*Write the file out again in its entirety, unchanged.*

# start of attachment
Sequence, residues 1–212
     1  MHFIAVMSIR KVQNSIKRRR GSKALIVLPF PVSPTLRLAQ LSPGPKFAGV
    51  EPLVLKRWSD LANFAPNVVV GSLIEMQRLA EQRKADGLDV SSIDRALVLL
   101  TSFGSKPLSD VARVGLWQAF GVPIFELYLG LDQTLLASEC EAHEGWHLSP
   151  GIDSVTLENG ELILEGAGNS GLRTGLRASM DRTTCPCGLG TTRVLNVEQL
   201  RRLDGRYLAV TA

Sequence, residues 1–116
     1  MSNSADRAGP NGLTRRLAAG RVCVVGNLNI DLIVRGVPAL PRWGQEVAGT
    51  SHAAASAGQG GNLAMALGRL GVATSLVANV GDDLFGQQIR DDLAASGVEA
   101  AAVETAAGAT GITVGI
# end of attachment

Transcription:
Sequence, residues 1–212
     1  MHFIAVMSIR KVQNSIKRRR GSKALIVLPF PVSPTLRLAQ LSPGPKFAGV
    51  EPLVLKRWSD LANFAPNVVV GSLIEMQRLA EQRKADGLDV SSIDRALVLL
   101  TSFGSKPLSD VARVGLWQAF GVPIFELYLG LDQTLLASEC EAHEGWHLSP
   151  GIDSVTLENG ELILEGAGNS GLRTGLRASM DRTTCPCGLG TTRVLNVEQL
   201  RRLDGRYLAV TA

Sequence, residues 1–116
     1  MSNSADRAGP NGLTRRLAAG RVCVVGNLNI DLIVRGVPAL PRWGQEVAGT
    51  SHAAASAGQG GNLAMALGRL GVATSLVANV GDDLFGQQIR DDLAASGVEA
   101  AAVETAAGAT GITVGI